Title: JRR Tolkien's The Lord of the Rings
Featuring the Voices of: John Hurt, Anthony Daniels, Christopher Guard,
William Squire, and Andre Morell
Writers: Chris Conkling and Peter S. Beagle
Based Particularly on the Novels: The Fellowship of the Ring and The Two
Director: Ralph Bakshi
Feature length: 130 minutes
Extras: 1:33.1 Version of the film for 4 by 3 televisions
Languages: English Stereo
Packaging: Glossy VHS Cardboard Slipcase
Media: NTSC VHS Cassette
Year of Theatrical Release: 1978/VHS Release: 1995
Original Theatrical Distributor: Unknown
Home Video Distributor: Republic Pictures
MPAA Rating: PG
VHS Rating: C
Reviewer: Mark A. Rivera
In anticipation of New Line Cinema's upcoming Theatrical Film version of JRR
Tolkien's "The Lord Of The Rings Trilogy" to be Directed by Peter Jackson in
New Zealand, I thought it would be fun to watch Ralph Bakshi's Animated
Theatrical Version from the late 70's. Unfortunately, I had lost my VHS copy
that HBO Video was distributing some years back and then was horrified to
find out that the film was on moratorium again.
A few days later I came across a newer VHS release of the film that was
distributed by Republic Pictures in the children's video section of a retail
store for only five dollars and ninety-nine cents. At a price too good to
pass up I purchased the film and was even happier to find that the transfer
was a standard play (SP) recording rather than an extended play (EP)
transfers often found on bargain basement VHS Cassettes.
Now the mistake of placing Bakshi's animated version of "The Lord of the
Rings" was not a huge error, but this definitely is not a Disney cartoon and
should not be viewed by minors under ten years of age without Adult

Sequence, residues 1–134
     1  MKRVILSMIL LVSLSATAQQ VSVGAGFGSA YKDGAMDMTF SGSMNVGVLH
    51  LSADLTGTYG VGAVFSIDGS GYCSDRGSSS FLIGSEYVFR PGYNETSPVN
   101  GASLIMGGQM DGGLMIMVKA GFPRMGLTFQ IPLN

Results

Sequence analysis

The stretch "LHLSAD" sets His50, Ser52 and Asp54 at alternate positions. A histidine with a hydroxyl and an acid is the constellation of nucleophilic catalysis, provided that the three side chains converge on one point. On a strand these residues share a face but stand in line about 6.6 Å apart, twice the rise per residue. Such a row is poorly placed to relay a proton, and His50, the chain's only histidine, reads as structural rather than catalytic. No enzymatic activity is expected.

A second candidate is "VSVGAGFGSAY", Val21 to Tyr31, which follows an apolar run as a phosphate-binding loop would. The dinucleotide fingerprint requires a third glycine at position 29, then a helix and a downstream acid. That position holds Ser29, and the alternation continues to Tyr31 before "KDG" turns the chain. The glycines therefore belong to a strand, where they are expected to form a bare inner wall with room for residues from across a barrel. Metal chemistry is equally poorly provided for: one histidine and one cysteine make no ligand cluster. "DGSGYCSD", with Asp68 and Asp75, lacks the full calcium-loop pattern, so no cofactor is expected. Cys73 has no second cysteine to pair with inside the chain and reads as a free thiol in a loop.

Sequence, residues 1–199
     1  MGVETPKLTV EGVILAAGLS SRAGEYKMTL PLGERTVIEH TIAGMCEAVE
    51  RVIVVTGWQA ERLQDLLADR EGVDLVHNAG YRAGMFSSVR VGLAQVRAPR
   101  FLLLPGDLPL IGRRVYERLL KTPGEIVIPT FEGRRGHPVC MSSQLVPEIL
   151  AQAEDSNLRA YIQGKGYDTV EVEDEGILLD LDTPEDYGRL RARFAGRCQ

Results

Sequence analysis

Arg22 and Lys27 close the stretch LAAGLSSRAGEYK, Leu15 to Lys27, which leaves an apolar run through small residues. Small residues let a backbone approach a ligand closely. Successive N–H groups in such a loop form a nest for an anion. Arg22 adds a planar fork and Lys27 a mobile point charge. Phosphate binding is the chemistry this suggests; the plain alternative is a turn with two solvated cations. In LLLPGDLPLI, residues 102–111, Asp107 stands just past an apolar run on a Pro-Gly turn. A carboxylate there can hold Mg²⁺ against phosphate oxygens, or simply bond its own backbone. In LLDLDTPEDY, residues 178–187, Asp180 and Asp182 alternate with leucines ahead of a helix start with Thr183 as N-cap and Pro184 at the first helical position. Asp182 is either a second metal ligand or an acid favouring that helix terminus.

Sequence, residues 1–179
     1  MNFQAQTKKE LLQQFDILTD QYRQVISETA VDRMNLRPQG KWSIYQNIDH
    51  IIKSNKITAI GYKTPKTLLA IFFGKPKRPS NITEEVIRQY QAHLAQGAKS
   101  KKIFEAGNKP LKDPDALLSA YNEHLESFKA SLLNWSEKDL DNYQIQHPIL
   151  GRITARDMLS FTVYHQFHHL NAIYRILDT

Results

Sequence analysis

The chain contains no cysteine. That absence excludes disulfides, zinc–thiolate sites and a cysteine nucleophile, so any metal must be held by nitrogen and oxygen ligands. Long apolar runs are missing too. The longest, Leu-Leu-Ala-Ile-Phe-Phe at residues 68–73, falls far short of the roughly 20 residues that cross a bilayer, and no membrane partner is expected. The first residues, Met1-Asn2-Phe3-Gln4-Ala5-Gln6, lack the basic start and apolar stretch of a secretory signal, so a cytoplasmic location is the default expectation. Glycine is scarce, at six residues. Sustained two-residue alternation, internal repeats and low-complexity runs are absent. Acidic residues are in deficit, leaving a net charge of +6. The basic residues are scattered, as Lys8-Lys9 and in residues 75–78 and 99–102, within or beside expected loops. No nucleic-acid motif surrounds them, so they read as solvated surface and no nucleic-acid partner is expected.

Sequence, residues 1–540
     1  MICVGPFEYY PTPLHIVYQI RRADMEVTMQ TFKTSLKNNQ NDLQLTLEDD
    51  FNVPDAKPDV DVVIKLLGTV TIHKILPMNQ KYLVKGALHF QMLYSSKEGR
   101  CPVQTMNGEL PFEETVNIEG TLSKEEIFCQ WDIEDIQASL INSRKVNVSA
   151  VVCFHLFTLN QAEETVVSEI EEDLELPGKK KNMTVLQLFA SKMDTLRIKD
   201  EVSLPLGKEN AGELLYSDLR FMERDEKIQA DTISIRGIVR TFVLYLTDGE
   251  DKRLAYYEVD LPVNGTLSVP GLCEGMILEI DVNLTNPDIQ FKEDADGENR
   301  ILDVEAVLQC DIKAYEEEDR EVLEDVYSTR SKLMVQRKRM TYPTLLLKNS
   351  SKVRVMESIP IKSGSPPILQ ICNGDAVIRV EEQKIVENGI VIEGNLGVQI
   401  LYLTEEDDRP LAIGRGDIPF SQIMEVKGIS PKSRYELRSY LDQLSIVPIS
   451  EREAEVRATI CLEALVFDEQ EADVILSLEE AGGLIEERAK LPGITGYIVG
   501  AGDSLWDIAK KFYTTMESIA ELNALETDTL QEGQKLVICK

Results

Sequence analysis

Supervision because of some of the violent fighting scenes and moments
involving the Ring Wraiths might really give children nightmares.
At the time this cartoon was released, there was no CGI for animators to work
with so Bakshi combines traditional animation techniques with actual painting
over of actors to give the film a more realistic tone. At times this works
magnificently as with the initial meeting between Frodo Baggins and Gandalf
the Wizard to discuss the One Ring, where Gandalf's blue cloak itself is a
marvel to look at because it moves more realistically than anything I have
ever seen in an animated film.
Other times, like Frodo doing a dance inside an inn where actors painted over
cheer don't work as well, but then again at the time this was cutting edge
animation. Bakshi portrays a more realistic Middle Earth than the ones scene
in the cutesier Rank and Bass TV Cartoons that featured songs to boot.
To be honest I like both cartoons, but I prefer the Bakshi Edition because he
uses subtle differences in the eyes and ears of the elves for example to
distinguish them from mortal men and Gimli the Dwarf is not a short hobbit
sized creature at all. He appears to be more like a human with a long beard.
He also shares some of the film's best dialogue along with Gollum and
Gandalf. Actors John Hurt and Anthony Daniels are among the recognizable
voices in the film.
The film leaves out a whole lot out from the first two novels in the trilogy,
but also includes elements not depicted in the television cartoons either. A
sequel was never made. This is a like it or hate it film. If you watch this
expecting to see something more akin to a Disney cartoon, you will probably
be severely disappointed, but if you watch it knowing that it is an animated
film aimed toward Tolkien fans and adults, you might like the film even if
some of the effects and some of the music score are extremely 1970's circa
"Planet of the Apes" style action music. However, I love the main theme of
Bakshi's adaptation of "The Lord of the Rings" so much I wish they would
include it in the upcoming live action features.
The VHS transfer is VHS quality and it shows especially if you have grown use
to watching the quality of films being released on DVD. I hope they will
release the animated feature again in a remastered print especially for DVD
with commentary by Bakshi. That would be a great tie in for the upcoming
theatrical trilogy releases. As it is now, the VHS edition I have is worth it
if you can find it because it is a legitimate copy packaged in a nice glossy
box featuring the films original One Sheet artwork and for less than eight
dollars, I can deal with the low resolution for now.
Mark A. Rivera - C